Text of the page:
Report: Prop 103 Has Saved California Drivers $154 Billion
By Kevin Smith, SAN GABRIEL VALLEY TRIBUNE
October 19, 2018
Californians are used to rising prices.
It seems we’re constantly paying more for gas, housing, clothes, meals, movie tickets … you name it. But a new analysis by research and advocacy firm Consumer Federation of America says California drivers have saved $154 billion on auto insurance since Proposition 103 took effect in 1989.
The ballot measure was authored by Harvey Rosenfield, founder of Santa Monica-based Consumer Watchdog.
A rollback in rates
Prop. 103 requires insurance companies get approval first from California’s Department of Insurance before implementing property and casualty insurance rates. In the days before Prop. 103, auto, property and casualty insurance rates were set by insurance companies without approval by the state.
The measure also required each insurer to roll back its rates by 20 percent.
Doug Heller, a California-based insurance expert for CFA, said those requirements have made a difference.
“California has the most cars on the road and staggering congestion in some of its cities and suburbs, but drivers pay less for coverage than most of the country and have seen far more moderate increases in insurance costs because of the protections in Prop 103,” Heller said in a statement.
Using 2015 data from the National Association of Insurance Commissioners, CFA calculated the change in total auto insurance expenditures — the average drivers spend on all coverages and auto liability premiums in California since Prop 103 took effect in 1989 — and compared that with changes in insurance rates nationwide and state by state.
Opponents have argued the stringent regulation of auto insurance rates has inhibited competition in the marketplace.
The CFA addressed that concern by using the federal test for market concentration — the Herfindahl-Hirshman Index — to determine the state of competition in California’s market. Lower HHI scores indicate more competition, while a higher score shows a market that is not optimally competitive. California scores a 723 on the HHI, the second lowest in the nation, according to the report.
Highlights of CFA’s analysis
- The average total auto insurance expenditure of Californians has risen by only 12.5 percent since Prop. 103 passed, while average expenditures of all drivers nationwide (including Californians) have risen by 61.1 percent.
- Californians spent $93.48 more on all coverages in 2015 than they did in 1989, but drivers in all other states spent, on average, $352.71 more.
- Before Prop 103, Californians spent 36 percent more on auto insurance than the national average. They now spend 5 percent less.
- For liability-only coverage, California premiums were 53 percent above the national average before Prop 103. Now they’re 9 percent below average.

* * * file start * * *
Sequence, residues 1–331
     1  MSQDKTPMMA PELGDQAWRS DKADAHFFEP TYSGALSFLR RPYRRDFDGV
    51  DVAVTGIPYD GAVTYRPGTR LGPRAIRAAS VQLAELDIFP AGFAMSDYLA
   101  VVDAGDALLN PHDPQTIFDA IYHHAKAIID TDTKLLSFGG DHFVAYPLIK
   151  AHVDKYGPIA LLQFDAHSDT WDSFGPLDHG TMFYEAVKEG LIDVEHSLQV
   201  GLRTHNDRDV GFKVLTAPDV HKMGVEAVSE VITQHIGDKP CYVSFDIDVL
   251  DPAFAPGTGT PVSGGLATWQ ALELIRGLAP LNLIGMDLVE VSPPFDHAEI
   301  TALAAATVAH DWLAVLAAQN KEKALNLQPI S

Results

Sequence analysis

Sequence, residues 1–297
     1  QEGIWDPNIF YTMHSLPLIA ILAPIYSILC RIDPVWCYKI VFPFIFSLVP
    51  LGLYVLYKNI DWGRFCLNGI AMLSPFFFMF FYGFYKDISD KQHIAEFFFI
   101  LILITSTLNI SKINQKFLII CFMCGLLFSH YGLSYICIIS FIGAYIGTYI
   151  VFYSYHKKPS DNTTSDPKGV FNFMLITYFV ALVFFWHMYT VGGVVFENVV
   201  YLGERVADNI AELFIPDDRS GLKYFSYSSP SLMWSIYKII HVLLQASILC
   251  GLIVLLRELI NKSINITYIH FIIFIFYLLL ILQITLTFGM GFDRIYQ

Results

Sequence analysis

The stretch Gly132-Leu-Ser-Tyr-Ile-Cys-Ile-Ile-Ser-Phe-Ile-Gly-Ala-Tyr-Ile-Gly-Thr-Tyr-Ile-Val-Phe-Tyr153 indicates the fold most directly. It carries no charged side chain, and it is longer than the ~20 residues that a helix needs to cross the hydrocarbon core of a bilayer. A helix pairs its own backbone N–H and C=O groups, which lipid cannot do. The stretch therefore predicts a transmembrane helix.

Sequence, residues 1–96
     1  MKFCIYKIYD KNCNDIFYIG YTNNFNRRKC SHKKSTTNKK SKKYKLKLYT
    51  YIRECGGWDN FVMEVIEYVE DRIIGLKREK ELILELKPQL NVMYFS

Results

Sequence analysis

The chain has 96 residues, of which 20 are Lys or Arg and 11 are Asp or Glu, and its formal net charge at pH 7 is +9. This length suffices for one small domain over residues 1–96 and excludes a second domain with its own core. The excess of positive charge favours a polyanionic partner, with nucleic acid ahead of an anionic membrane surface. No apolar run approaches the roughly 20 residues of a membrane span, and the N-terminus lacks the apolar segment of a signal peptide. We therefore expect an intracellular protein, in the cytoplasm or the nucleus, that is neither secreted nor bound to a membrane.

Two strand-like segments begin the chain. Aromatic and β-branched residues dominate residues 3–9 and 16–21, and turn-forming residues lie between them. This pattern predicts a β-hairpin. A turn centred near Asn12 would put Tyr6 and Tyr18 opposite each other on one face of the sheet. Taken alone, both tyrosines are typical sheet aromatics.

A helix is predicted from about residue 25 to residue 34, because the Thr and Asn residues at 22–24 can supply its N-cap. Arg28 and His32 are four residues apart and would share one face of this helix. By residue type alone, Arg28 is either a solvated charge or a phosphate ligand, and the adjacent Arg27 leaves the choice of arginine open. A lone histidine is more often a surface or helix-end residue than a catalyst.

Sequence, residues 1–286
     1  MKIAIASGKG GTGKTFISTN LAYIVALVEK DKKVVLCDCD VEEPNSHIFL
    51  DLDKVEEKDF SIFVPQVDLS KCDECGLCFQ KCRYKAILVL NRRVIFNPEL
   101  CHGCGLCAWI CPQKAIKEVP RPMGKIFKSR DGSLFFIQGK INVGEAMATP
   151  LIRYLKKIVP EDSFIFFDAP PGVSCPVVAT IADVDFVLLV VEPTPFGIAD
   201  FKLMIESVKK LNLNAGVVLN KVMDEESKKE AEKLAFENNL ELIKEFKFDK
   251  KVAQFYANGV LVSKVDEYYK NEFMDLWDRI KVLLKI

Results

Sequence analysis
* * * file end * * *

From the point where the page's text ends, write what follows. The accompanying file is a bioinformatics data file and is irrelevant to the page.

- When California premiums in 2015 are compared with what they would have been if the state’s premiums simply followed the national average growth, Californians have saved $154 billion or an average of nearly $6 billion a year, CFA estimates show.
An opposing view
Rex Frazier, president of Personal Insurance Federation of California, a Sacramento-based trade association, links the bulk of California’s price declines to a variety of other factors including crash-avoidance systems, improved seat belts and airbags, anti-fraud laws and stricter DUI laws, which all have served to reduce accidents and lower rates.
“All Prop. 103 did was impose a prior approval system for rates and implement a one-time rollback,” he said. “It didn’t impact the underlying costs, including the frequency and severity of crashes and insured losses.”
Frazier also said Prop. 103’s prior approval rule deters insurers from adjusting their rates, even when they might want to lower them, because it can be a lengthy process depending on which parties decide to weigh in on the proposed change.
“The state can’t approve a rate change for 45 days to begin with, and if other groups like Consumer Watchdog want a seat at the table … it can sometimes take as long a year,” he said.
A 2015 report from the R Street Institute said California’s current insurance system discourages competition because it’s slower, less predictable and more punitive than other states. Lengthy review cycles tend to mean that California consumers are slow to receive new products, the study said, even though the state’s market — as the nation’s largest and most diverse — should make it among the first.
Rosenfield disputes that argument.
“Insurance companies don’t want voters to get credit for having toilet trained the industry,” he said. “All of these arguments have been examined. And all of those other things — seat belts, airbags and new technologies … they appeared everywhere in the country. California is the only state where rates are lower than they were in 1989. It comes down to how voters change the laws. Prop. 103 simply requires that insurance companies charge fair rates and reduce their abusive practices.”